If you’ve been on Facebook or YouTube lately, you might have noticed something about an election here in Virginia.
Election advertising was once dominated by newspapers. And then television took a starring role.
These days campaigns for the General Assembly are increasingly online, where Democratic strategist Ben Tribbett says candidates are setting their sights on the pre-roll.
“Advertisements that are off to the side may not interest you. It’s not why you went on Facebook to begin with. So it really has to be something creative in order to get you to click through," Tribbett explains. "When you are going on YouTube, you're actually watching the videos. And so the pre-roll ads on YouTube are extremely effective because it actually has an engaged audience.”
And that’s an engaged audience that actually lives in the House or Senate district campaigns are trying to target, unlike television markets that often sprawl across dozens of General Assembly districts.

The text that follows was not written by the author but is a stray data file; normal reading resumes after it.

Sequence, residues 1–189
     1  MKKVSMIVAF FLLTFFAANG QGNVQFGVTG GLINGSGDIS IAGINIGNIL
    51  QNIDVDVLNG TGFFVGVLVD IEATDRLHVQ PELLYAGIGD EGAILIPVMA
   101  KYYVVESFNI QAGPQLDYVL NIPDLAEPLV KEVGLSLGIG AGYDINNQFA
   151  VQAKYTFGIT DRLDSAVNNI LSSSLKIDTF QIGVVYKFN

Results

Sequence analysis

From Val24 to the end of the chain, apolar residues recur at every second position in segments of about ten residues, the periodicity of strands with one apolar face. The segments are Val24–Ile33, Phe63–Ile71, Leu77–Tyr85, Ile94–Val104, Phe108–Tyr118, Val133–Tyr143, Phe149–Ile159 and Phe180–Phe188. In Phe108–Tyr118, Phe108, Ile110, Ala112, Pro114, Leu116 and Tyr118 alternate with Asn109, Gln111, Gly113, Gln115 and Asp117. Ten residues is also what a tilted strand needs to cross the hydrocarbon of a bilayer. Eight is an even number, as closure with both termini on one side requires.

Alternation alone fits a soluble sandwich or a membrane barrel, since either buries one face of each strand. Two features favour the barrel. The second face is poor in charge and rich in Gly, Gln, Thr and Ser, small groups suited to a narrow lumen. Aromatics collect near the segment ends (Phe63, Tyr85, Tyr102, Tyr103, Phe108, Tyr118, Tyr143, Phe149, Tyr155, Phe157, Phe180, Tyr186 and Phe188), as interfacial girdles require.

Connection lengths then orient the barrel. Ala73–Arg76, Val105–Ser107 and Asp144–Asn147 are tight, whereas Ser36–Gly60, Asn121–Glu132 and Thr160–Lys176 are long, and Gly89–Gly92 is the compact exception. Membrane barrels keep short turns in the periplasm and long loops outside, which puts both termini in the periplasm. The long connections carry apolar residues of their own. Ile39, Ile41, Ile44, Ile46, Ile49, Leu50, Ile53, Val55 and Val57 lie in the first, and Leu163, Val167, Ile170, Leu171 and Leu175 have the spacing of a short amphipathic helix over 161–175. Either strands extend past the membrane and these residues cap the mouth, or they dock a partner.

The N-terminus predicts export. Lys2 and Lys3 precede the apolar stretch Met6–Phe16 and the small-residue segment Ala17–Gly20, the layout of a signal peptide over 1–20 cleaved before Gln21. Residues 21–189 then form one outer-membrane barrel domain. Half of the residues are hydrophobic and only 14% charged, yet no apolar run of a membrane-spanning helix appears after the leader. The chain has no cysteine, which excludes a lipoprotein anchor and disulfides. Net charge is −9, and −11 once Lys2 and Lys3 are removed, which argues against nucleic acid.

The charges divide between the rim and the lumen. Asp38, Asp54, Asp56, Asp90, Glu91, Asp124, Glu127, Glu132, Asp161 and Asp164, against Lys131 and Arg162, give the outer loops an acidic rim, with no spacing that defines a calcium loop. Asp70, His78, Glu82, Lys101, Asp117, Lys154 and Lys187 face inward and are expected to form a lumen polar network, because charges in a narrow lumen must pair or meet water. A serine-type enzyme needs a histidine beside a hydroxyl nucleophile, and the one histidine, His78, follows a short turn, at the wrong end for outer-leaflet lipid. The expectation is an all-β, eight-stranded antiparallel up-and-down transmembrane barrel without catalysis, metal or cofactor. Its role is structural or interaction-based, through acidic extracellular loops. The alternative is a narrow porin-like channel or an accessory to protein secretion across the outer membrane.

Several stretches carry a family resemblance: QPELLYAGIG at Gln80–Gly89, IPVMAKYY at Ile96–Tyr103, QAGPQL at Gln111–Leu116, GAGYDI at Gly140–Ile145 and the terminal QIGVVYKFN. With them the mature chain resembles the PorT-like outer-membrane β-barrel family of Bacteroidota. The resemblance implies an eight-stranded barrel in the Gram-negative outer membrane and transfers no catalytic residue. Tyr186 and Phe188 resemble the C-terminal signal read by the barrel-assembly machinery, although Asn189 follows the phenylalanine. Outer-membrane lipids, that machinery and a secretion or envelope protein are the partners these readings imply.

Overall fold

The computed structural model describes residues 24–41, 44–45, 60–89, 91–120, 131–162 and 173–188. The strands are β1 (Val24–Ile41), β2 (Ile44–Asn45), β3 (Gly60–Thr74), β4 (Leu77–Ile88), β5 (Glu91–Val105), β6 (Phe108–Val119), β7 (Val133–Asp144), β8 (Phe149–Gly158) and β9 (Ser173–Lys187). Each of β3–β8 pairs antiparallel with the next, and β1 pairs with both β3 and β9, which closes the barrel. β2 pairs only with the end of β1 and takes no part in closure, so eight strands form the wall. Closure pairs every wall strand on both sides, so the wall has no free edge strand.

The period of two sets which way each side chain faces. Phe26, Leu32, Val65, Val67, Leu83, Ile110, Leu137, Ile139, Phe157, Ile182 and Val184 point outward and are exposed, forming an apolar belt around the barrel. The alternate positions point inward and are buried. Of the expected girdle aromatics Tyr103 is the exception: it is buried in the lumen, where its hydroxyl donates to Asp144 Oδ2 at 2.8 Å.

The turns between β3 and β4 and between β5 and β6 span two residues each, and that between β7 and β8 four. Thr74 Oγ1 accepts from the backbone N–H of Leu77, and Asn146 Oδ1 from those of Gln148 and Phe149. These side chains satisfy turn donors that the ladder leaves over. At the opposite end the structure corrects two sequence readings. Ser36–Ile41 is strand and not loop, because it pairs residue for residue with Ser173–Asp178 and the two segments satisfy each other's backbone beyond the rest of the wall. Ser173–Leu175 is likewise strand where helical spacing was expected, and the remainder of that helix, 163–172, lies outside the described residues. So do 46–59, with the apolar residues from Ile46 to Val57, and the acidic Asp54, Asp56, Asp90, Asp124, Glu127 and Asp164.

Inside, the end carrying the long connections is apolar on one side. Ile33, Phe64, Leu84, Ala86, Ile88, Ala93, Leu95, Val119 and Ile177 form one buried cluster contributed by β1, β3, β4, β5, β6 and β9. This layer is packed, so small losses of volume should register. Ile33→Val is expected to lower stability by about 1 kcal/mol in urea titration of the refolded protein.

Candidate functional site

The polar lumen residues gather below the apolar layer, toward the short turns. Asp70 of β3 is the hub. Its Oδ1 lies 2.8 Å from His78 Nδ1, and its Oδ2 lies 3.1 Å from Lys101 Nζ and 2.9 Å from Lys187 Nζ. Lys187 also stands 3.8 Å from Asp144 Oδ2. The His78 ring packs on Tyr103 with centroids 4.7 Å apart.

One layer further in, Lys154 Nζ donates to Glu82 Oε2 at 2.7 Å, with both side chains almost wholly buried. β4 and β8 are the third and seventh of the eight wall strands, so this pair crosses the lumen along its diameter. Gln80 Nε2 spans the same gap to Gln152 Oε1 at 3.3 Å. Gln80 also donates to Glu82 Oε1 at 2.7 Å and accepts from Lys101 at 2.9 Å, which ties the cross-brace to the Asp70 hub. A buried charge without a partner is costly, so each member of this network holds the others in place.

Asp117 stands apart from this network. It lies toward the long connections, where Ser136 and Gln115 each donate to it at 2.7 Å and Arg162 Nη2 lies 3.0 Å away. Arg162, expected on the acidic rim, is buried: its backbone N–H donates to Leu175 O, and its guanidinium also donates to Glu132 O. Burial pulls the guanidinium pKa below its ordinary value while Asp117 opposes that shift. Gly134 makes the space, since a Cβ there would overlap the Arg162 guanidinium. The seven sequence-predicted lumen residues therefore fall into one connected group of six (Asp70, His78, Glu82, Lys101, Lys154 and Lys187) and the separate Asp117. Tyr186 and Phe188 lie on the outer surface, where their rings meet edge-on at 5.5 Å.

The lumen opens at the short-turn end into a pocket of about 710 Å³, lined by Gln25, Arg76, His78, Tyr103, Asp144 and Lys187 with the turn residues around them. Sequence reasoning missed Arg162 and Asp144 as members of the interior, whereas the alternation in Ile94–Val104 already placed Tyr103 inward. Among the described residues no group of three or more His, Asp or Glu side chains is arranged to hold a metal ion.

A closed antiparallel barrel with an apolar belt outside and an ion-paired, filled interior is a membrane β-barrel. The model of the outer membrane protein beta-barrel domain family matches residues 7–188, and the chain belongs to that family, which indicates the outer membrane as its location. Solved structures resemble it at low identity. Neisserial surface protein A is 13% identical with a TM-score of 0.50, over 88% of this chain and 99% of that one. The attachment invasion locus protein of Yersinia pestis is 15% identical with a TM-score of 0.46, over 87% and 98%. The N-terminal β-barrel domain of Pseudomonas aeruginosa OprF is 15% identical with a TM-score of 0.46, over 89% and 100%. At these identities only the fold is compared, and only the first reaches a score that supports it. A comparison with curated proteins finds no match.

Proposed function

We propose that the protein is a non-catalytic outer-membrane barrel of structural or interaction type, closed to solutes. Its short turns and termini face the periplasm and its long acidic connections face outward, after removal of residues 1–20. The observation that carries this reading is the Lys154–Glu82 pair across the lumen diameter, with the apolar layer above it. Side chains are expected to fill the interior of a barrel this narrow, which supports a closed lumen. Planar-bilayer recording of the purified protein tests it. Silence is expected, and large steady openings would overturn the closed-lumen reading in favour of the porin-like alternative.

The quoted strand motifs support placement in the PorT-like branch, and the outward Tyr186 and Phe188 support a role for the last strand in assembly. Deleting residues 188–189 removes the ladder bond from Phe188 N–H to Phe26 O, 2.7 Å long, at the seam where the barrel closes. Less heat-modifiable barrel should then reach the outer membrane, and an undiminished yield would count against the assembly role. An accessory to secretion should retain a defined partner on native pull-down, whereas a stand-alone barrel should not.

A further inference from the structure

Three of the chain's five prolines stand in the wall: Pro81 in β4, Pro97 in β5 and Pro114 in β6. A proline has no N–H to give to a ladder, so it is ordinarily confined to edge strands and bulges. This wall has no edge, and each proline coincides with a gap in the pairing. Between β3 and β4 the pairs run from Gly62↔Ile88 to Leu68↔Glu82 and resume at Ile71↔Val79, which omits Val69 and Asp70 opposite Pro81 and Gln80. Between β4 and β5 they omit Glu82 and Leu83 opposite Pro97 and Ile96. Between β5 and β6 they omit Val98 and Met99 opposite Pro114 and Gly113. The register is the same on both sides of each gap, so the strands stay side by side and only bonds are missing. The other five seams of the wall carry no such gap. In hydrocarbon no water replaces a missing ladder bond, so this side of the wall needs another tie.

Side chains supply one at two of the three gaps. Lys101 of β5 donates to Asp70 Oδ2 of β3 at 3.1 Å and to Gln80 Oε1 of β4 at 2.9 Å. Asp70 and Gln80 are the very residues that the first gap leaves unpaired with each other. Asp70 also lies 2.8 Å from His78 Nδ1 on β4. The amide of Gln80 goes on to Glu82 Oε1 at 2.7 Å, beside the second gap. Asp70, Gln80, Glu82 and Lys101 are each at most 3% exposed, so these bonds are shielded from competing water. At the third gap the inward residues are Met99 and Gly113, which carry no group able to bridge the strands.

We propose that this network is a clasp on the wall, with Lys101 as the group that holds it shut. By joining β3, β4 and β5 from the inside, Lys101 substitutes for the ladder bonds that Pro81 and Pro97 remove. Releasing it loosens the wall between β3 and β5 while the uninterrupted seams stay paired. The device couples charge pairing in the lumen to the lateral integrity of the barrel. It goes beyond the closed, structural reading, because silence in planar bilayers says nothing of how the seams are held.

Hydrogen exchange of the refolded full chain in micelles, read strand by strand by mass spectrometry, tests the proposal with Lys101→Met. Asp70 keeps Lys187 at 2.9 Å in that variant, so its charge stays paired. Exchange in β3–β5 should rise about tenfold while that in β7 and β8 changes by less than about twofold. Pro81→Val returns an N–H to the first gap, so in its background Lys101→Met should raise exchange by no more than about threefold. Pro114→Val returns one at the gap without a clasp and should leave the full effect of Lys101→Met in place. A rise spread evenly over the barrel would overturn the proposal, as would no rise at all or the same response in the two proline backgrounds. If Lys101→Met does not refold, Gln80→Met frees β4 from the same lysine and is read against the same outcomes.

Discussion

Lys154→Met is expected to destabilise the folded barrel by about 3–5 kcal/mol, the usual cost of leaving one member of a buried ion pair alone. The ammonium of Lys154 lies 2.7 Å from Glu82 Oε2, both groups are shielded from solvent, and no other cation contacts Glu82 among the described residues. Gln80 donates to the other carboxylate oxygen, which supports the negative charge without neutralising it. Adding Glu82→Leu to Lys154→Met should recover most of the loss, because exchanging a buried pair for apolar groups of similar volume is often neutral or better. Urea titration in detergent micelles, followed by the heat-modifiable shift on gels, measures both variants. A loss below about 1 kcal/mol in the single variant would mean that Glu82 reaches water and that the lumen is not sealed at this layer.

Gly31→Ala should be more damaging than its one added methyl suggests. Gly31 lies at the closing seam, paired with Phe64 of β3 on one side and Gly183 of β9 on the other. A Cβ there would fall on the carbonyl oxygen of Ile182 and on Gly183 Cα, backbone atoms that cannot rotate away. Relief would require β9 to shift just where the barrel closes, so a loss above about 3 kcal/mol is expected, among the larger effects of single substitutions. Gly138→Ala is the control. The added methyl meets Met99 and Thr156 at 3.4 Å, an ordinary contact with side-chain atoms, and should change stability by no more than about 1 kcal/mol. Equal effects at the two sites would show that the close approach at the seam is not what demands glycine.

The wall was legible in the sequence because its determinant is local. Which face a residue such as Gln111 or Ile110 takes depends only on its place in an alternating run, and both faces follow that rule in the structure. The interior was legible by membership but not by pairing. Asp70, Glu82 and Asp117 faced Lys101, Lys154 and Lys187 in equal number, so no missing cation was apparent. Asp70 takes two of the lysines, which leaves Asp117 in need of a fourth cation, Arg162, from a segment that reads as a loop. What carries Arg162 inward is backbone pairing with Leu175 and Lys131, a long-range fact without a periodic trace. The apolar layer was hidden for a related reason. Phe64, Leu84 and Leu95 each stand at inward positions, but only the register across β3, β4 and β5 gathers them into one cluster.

Former Republican Delegate David Ramadan, now at George Mason University, says online ads are the wave of the future.
“They get a much bigger bang for the buck online than they do in traditional TV, and it’s much cheaper to reach," Ramadan says. "That does not, however, eliminate TV advertising, which remains the most effective.”
Most effective, and most expensive — especially in a major television market like in Northern Virginia, where TV advertising is so expensive it’s essentially cost prohibitive for most General Assembly candidates. That’s part of what’s driving the traffic online.